The beatitudes of Jesus give us the first four phases of living with difficult disease or trauma in our lives.
I was surprised by this insight as I was getting ready to write my book Bright Spots in the Darkness.
The beatitudes offer a spiritual pathway through tough times.
I do not like having bipolar illness. That is not a surprise. You don’t either. But the paradox is acknowledging our disease is the first phase of living with it.
I have resisted admitting I am bipolar, not just from the first diagnosis but throughout the time living with the disease. At my last med check I tried to convince my doctor that my illness may be the result of an autoimmune problem. I may have an immune problem that mimics the symptoms of bipolar but the probability is pretty low.
But in the meantime I need to admit my issues with God and with other people, especially the professionals God has brought into my life, those who help me manage my disease.
But I still remember the lowest black hole of depression. I could not get out of that horrendous place without admitting I had a disease and needed help. I needed God, friends, professionals and family. I learned that the first beatitude was what I needed to do. “Blessed are the poor in spirit for theirs is the Kingdom of God.”
I have grief over my bipolar. Between my illness and meds I am not the same person I once was. I miss that. I don’t learn as quickly as I once did. I require more time in self-care. I have to be careful of my stress levels, my speech and thinking processes are slowed down.
I don’t like these changes. I wish they would magically go away. But there is no magic wand to wave.
So I had to find another source of self esteem. True self-esteem comes from being loved by God just as I am. It doesn’t matter what I can do or can’t do, my abilities or disabilities, I am precious to God. He loves us just as we are for which I am grateful.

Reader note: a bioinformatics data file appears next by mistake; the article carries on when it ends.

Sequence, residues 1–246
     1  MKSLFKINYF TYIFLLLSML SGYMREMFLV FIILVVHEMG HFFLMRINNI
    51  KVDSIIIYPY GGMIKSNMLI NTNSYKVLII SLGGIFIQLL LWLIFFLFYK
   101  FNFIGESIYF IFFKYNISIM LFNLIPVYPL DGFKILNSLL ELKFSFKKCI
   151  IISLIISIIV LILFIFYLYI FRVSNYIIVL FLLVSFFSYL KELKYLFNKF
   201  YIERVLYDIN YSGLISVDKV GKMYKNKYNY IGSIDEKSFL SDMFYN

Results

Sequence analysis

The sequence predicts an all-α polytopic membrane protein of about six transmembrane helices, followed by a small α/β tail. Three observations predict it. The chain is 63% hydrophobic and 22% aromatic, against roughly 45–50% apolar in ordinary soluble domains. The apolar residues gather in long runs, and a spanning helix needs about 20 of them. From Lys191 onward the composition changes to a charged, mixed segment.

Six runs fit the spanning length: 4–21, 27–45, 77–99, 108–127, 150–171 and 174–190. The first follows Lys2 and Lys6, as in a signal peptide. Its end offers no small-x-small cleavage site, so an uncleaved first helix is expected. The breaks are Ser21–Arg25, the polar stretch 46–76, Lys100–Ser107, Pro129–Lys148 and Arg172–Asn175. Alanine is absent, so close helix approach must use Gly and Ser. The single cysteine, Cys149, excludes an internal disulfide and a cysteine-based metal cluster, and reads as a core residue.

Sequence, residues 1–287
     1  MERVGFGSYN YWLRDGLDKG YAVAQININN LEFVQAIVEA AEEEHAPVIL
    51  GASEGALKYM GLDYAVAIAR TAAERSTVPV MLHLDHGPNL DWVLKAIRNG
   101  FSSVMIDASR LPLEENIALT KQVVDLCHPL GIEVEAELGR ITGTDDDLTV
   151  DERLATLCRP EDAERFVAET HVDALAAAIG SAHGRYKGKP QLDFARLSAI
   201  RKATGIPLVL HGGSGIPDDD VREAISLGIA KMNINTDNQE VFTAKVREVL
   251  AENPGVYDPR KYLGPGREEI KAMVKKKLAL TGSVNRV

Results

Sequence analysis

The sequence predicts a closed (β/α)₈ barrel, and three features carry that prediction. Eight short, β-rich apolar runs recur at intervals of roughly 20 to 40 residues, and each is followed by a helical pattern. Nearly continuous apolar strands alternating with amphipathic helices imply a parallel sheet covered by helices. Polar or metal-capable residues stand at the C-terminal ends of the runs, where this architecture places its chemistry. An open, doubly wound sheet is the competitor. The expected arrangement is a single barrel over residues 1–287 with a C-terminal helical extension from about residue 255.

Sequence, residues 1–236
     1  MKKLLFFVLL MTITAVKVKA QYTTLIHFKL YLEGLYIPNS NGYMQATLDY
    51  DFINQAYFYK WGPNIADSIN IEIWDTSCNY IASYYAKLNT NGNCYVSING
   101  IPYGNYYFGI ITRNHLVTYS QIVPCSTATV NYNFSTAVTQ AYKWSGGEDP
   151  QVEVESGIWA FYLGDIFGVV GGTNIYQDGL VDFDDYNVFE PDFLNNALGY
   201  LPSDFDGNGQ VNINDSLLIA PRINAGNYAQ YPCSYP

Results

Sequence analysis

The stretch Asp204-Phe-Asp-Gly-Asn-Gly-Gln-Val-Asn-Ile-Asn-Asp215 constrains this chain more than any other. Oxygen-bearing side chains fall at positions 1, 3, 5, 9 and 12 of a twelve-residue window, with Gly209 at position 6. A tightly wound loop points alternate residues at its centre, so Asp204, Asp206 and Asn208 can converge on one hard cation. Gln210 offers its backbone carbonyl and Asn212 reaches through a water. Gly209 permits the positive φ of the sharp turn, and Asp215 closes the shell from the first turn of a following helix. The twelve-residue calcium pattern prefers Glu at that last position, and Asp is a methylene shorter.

I am grateful for the comfort of God’s love.
“Blessed are those who mourn for they shall be comforted.”
The third phase is becoming meek or cooperative with our protocols. We worked with our counseling/medical team to find ways to manage our disease.
We have to be humble enough to go along with our treatment. We take medicines and practice self care.
But there are times when we get rebellious or simply angry about taking our meds or doing things necessary self-care. We may get proud and resist our protocols. This does not usually turn out well. A manic or depressive episode will disrupt our life. It takes time to undo the damage these bouts that false pride cause.
“Blessed are the meek for they shall inherit the earth.” Matt 5:5. When we are willing to humble ourselves and keep our regimen we experience remission, our new normal. It is as though we have gained a new life. Our world becomes more healthy.
The fourth stage occurs when we actively pursue our healing. This stage is more than doing those things that brought remission. Now we actively seek self-care. We experiment with new ways of getting better.
Our doctor may help us adjust meds for inevitable ups and downs. We become aware of our triggers and develop plans to manage those behaviors. We take on new healthy behaviors. We adjust our attitude by changing thinking patterns. We do the things that we can do to maintain stability. We are quick to seek help when the road is rocky.
This fourth stage is when we hunger and thirst for getting better. With this phase we find our quality of life gets even better.
The fourth beatitude puts it this way: “Blessed are those who hunger and thirst for righteousness, for they will be filled. Matthew 5:6
Sometimes we bounce around in these stages. I do. For a time I will actively seek to work my plan. And then I may become stubborn and resist my meds. My self-care will go down the tubes. And about that time I don’t want to admit to anyone, or myself, that I have a disease.
But when I keep in mind these four principles I discover that God is able to use this process to bless me in spite of having bipolar.
May my experiences bless you along your journey.